verb (used with object)
verb (used without object)
- breach of contract,
- breach of faith,
- breach of promise,
- breach of the peace,
- breach of trust
Origin of breach
Examples from the Web for breach
This breach is an extraordinary emotional drag on the exhausted population.In One Corner of Syria, Christmas Spirit Somehow Manages to Survive|Peter Schwartzstein|December 25, 2014|DAILY BEAST
Good old Sir Bob Geldof stepping into the breach again to raise money for crisis-hit Africa?
But while progressive attempts to address the class divide have been less than successful, can the Republicans fill the breach?Class Issues, Not Race, Will Likely Seal the Next Election|Joel Kotkin|September 7, 2014|DAILY BEAST
He receives a letter alleging “breach of contract” over his sabotaging the Commander Cigarettes deal.Mad Men’s Game-Changing Midseason Finale, “Waterloo”: One Door Closes, Another Opens|Marlow Stern|May 26, 2014|DAILY BEAST
Moreover, the current foreign minister, Avigdor Lieberman was charged, though not convicted, with fraud and breach of trust.Ehud Olmert’s Sentencing Won’t Be a Day of Reckoning for Israel’s Leaders|Alon Ben-Meir|May 15, 2014|DAILY BEAST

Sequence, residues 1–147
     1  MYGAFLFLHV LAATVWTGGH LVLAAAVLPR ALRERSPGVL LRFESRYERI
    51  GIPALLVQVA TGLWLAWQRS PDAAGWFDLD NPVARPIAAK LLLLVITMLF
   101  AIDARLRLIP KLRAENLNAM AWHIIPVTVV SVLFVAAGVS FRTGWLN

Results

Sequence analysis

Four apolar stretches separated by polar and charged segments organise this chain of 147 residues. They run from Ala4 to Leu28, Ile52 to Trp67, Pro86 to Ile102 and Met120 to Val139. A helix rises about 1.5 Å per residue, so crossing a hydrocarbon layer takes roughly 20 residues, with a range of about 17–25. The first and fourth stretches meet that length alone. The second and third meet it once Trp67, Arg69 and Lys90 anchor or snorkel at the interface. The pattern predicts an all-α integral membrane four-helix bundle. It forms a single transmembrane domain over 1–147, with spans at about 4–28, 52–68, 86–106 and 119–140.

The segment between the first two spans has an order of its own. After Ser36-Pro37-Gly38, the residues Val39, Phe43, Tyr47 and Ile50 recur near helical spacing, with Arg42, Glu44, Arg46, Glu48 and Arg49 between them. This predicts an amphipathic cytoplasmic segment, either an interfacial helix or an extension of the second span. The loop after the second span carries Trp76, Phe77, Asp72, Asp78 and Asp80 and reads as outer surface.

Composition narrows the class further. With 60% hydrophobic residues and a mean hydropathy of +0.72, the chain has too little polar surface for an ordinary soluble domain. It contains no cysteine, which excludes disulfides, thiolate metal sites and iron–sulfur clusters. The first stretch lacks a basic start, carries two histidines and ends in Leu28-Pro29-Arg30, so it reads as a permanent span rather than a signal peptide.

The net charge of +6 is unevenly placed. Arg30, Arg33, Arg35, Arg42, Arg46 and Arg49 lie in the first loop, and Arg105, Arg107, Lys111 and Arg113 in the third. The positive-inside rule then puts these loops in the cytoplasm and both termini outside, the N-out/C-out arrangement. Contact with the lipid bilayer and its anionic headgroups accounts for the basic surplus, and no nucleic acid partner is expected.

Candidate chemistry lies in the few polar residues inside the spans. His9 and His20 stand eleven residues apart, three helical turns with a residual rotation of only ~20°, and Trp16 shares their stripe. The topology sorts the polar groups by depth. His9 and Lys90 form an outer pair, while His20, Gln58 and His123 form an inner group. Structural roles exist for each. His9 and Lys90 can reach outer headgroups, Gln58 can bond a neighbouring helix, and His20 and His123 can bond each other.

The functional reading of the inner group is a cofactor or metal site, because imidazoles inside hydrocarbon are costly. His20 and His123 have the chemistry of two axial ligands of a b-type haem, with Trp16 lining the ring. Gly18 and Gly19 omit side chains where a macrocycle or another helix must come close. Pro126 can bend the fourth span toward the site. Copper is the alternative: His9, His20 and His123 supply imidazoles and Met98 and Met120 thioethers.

He unfolded the sheet and scanned the charges—coercion, larceny, livestock theft, and breach of contract.The Lani People|J. F. Bone
The breach between the two men which led to open collision took place in 1846.
The breach was apparently healed, but rather to avoid a scandal than from sincere forgiveness.The Life of Napoleon Bonaparte|William Milligan Sloane
Advancing to the attack, the janissaries burst through the mass of Turks still continuing the conflict, and rushed up the breach.A Knight of the White Cross|G.A. Henty
The law has been declared by the law officers of the Crown to be a breach of the London Convention.The Transvaal from Within|J. P. Fitzpatrick
Word Origin for breach
Old English bryce "breach, fracture, a breaking," from brecan (see break), influenced by Old French breche "breach, opening, gap," from Frankish; both from Proto-Germanic *brecho, *bræko "broken," from PIE root *bhreg- "to break" (see fraction). Figurative sense of "a breaking of rules, etc." was in Old English Breach of contract is at least from 1660s.
1570s, from breach (n.). Related: Breached; breaching.